Texas A&M Track & Field Hosts Team Invitational

Published: Apr. 8, 2021 at 2:05 PM CDT
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BRYAN-COLLEGE STATION, Texas – For the first time since 2019, the Texas A&M track & field teams open the doors of E.B. Cushing Stadium to host the Texas A&M Team Invitational beginning Friday.

Texas A&M welcomes multiple regional teams including No. 4 Arkansas women’s team. The two-day meet begins Friday with the start of the multi-events at 1 p.m., followed by the start of the field events at 2 p.m. and the running events at 8 p.m. The multi-events start day two on Saturday at 10:15 a.m., field events are slated to begin at 3 p.m. and the gun goes off for the running events at 6:30 p.m.

How to Follow

Those in Aggieland can watch the meet live as gates open at 12 p.m. on Friday and 9:15 a.m. on Saturday. Tickets can be purchased at E.B. Cushing Stadium as well as online through the 12th Man Foundation at Those unable to attend can follow @aggietfxc on Twitter for live updates as well as following live results provided by Flash Results. No live stream is provided.

Meet Day Experience

On Friday and Saturday, spectators may park in lots 100m and 100d free of charge on a space available basis. Lot 100e is available on Friday for $5 cash only fee until 6:30 p.m. After 6:30 p.m. on Friday, lot 100e parking is $10 cash only. On Saturday, lot 100e will be $5 cash only until 5 p.m. After 5 p.m., the fee will be $10 cash only.

Visit for a complete list of efforts and enhancements being made to help keep E.B. Cushing Stadium as safe as possible.

Texas A&M Preview

The Aggies women’s team enters the competition ranked No. 5 in the country and the men are No. 7. In total, Texas A&M enters nearly 85 Aggies into the meet.

Tyra Gittens makes her highly-anticipated heptathlon debut. The NCAA indoor high jump and pentathlon national champion already holds the school record in the heptathlon with 6,074 points. The multi-athlete currently leads the NCAA in the high jump with a clearance of 1.90m/6-2.75. Gittens begins her two-day competition on Friday at 2 p.m. with the 100m hurdles, followed by high jump, shot put and 200m. Day two for her starts on Saturday at 11 a.m., with the long jump, followed by javelin and 800m.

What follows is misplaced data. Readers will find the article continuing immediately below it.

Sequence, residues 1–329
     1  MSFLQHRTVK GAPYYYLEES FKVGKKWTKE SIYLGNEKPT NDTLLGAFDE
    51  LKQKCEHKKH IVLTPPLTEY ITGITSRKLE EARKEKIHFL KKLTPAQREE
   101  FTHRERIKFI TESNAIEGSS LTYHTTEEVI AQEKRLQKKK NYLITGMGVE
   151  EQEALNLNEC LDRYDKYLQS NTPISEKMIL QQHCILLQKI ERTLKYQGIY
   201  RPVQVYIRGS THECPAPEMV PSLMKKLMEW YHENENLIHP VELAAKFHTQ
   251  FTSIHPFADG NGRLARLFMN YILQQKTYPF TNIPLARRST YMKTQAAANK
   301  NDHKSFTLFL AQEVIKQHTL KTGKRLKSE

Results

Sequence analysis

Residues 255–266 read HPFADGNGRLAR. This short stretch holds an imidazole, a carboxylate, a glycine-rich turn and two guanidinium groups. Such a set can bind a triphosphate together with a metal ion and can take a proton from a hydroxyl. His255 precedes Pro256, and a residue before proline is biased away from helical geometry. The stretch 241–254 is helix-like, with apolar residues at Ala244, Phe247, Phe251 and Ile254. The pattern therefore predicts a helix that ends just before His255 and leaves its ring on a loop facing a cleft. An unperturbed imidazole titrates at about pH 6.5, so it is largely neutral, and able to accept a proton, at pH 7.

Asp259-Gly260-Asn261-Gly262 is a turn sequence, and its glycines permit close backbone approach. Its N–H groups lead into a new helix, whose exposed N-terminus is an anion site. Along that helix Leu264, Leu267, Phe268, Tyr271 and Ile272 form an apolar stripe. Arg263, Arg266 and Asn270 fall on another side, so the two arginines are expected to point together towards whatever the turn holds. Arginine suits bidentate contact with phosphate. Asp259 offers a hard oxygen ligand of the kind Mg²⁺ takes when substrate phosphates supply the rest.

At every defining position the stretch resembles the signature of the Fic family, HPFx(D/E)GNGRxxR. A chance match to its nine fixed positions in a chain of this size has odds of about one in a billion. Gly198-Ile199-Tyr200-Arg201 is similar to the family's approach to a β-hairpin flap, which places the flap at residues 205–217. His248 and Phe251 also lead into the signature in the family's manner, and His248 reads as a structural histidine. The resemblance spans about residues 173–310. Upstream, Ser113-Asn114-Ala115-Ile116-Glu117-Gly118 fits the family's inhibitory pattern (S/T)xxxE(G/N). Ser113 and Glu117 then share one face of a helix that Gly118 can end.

Tierra Robinson-Jones, Syaira Richardson, Athing Mu and Charokee Young enter as the women’s 4x400m “A” group. The Aggie quartet ranks No. 3 in the nation with a season best time of 3:29.43. Arkansas enters the race ranked No. 1 in the nation with a time of 3:26.63.

The men’s side of the meet features a stacked 800m field slated to start a little after 7:30 p.m. Saturday. Twelve-time All-American Devin Dixon enters the race along with 2019 NCAA outdoor fourth place finisher Carlton Orange, each who returned for their extra year of eligibility after the 2020 season was cancelled. Flying under the radar is 2021 SEC indoor 800m champion Brandon Miller, who also enters the competition. The freshman from St. Louis has clocked an outdoor season best time of 1:50.45, which is No. 2 on the team behind Orange’s team leading time of 1:48.45.

Put a Ring On It

Prior to Saturday’s running events, nearly a dozen student-athletes will be presented their Aggie Rings at 6 p.m. Those receiving rings include, Allyson Andress, Catalina Cerda, Emily Chastain, Parker Clay, Kim Dow, Megan Hopper, Lagarious McQuirter, Grace Plain, Syaira Richardson, Abbey Santoro and Ricky Waer.

As the most visible sign of the Aggie Network, the Aggie Ring is a unique representation of achievement. It signifies one of the greatest moments during an Aggie’s time at Texas A&M when a student receives an Aggie Ring. The tradition of the Aggie Ring dates back to 1889 and students traditionally wear the Ring with the class year facing them to signify that their time at A&M is not yet complete. During commencement ceremonies, The Association of Former Students leads a ceremony in which Aggie students turn their Rings around to face the world proudly, just as the Aggie graduate is now ready to face the world.